In the Middle Ages, no matter what ailed you, the doctor had one cure: attaching leeches to your body. Today, modern medicine has discredited leeches as a cure-all. We look back on it and laugh. “How could we have been so stupid?" Some things haven’t changed much. The average person is still willing to blindly accept conventional thinking—maybe even more so than he was in the past. Today, he hears the financial equivalent of “more leeches!” and agrees. Conventional wisdom and economic “experts” continually prescribe treatments that we will no doubt look back on and say, “How could we have been so stupid?”
The Financial Times recently looked at how the new bail-in resolutions in the EU, U.S. and most of the western world and asked whether they may be leading to "bank turmoil" and increased concerns about banks and the banking sector in the EU. As is typically the case with coverage of the bail-in regime, the important article was little noticed.
With markets happy to put February in the history books because it marked the fourth consecutive monthly decline in global stocks, we move on to March 1st, which doubles down as 'Super Tuesday' in the US when Trump's presidential candidacy will almost certainly be sealed and a day in which stocks decided to join the super fun by super surging overnight on nothing but bad global macro and economic which however was promptly ignored and instead the focus was on ongoing central bank intervention and even more jawboning.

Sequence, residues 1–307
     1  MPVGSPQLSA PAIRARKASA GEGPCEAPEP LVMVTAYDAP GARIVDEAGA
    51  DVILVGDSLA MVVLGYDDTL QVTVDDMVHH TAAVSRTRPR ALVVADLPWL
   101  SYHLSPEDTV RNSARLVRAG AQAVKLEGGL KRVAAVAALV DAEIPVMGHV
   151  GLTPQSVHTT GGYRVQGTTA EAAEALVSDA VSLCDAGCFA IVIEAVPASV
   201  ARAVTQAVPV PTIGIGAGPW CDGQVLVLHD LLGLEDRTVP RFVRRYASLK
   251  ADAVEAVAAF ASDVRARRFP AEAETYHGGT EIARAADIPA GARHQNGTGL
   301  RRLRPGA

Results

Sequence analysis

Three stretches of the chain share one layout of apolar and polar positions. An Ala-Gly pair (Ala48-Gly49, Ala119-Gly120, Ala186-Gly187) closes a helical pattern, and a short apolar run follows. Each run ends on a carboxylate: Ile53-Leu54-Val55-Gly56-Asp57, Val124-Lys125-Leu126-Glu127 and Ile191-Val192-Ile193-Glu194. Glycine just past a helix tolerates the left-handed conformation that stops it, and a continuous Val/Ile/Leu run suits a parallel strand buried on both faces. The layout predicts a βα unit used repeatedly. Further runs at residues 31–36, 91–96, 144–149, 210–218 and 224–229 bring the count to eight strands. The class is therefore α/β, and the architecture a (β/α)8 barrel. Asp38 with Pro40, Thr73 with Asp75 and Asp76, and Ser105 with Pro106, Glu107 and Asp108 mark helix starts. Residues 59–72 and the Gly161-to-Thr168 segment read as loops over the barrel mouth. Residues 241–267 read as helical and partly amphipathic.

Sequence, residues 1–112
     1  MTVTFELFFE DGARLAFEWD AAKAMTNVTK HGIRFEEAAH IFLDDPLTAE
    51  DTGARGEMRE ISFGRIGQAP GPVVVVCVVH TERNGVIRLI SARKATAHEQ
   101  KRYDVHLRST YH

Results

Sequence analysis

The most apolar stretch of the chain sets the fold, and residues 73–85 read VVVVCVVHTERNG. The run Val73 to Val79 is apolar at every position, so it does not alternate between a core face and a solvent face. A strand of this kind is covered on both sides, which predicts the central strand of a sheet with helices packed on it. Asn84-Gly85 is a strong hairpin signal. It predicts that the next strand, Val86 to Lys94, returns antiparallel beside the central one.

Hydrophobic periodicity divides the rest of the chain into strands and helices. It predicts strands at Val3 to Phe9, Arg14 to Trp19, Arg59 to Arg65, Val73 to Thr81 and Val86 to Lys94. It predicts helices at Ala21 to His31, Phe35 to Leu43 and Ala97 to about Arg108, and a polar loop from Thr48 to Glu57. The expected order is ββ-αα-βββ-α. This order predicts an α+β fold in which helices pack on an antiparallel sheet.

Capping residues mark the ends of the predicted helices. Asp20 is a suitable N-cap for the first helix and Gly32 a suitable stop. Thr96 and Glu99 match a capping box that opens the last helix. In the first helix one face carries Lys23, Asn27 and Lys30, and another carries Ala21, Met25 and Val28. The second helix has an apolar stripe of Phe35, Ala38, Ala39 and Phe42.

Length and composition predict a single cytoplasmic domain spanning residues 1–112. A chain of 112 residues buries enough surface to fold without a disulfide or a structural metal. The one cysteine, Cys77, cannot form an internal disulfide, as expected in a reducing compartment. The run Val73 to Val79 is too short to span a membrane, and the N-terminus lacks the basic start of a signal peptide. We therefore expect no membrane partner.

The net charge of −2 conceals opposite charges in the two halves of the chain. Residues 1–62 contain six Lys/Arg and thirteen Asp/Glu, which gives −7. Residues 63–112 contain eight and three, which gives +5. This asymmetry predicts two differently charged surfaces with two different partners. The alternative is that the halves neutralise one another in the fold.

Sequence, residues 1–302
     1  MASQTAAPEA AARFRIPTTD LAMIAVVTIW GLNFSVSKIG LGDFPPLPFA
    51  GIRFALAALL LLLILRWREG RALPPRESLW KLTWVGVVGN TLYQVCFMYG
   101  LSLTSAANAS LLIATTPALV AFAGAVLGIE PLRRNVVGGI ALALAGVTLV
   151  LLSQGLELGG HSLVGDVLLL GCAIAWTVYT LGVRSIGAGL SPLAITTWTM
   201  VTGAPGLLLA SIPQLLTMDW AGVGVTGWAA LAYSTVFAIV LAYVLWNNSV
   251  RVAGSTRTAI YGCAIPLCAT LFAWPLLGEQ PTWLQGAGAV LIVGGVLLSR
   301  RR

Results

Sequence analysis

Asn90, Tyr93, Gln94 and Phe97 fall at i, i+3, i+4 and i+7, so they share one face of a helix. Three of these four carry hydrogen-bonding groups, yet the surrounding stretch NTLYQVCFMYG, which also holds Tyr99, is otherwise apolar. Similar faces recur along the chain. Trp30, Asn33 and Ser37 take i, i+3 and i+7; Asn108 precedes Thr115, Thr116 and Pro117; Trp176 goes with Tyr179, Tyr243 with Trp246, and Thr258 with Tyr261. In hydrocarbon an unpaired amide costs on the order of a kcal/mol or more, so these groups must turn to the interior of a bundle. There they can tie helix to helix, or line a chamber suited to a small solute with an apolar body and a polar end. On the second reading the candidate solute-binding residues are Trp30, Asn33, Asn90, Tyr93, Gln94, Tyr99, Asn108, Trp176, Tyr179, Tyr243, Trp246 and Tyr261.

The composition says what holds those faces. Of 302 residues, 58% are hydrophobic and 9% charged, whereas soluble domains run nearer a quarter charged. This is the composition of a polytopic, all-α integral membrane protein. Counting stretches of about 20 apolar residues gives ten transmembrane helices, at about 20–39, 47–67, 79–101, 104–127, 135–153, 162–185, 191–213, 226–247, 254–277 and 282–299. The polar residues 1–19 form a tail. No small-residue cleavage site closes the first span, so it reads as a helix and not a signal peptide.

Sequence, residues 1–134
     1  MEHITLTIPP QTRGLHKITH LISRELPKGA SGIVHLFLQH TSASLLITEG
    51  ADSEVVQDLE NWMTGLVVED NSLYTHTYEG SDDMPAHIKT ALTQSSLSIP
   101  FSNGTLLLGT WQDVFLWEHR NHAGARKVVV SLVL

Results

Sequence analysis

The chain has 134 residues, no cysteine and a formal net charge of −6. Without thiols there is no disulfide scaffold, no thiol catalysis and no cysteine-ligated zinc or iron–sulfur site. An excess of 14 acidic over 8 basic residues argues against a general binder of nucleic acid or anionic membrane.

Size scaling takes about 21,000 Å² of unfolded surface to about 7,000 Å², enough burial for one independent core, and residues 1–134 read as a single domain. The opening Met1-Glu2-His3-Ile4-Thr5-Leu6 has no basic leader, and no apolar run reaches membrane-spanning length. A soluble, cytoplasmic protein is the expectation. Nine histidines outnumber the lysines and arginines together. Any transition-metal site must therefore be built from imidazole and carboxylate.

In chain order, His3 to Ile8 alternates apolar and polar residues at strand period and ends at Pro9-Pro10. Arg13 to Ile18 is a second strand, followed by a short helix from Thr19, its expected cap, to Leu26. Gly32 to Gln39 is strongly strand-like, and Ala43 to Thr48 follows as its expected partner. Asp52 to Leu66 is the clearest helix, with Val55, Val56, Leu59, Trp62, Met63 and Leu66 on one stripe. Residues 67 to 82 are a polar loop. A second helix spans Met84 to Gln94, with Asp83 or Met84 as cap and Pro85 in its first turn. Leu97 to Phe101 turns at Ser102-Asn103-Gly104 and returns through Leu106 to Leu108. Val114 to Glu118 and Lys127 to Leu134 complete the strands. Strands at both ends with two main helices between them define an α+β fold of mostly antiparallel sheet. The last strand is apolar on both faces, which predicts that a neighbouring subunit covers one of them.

The week was supposed to start off quiet on the macro news front, but the PBOC spoiled that with an unprecedented Monday, Feb 29 RRR cut, its fifth since the start of 2015. In any case, it slowly builds up to the week's biggest event on Friday, when the BLS reports February payrolls and will be hard pressed to find all the seasonal adjustments it needs to cover for not only the lost jobs in the devastated energy sector but, as we reported over the weekend, the sudden dramatic air pocket in Silicon Valley jobs.
After the G-20 ended in a wave of global disappointment, leading to the biggest Yuan devaluation in 8 weeks, and sending Chinese stocks into a tailspin on concerns the PBOC has forsaken its stock market as well as speculation the housing bubble is now sucking up excess liquidity which in turn pushed global market deep in the red to start the week, it was the PBOC's turn to scramble in a panicked reaction to sliding risk exactly one month after Japan unveiled its own desperation NIRP, and as reported before unexpectedly cut its Reserve Requirement Ratio by 0.5% to 17.0%, the first such cut in 2016 and the 5th since the start of 2015.
"Whatever can be said about the world recovery since the crisis, it has been neither strong, nor sustainable, nor balanced. There seems little political willingness to be bold, and so perhaps we should fear that the size of the ultimate adjustment will just go on getting bigger."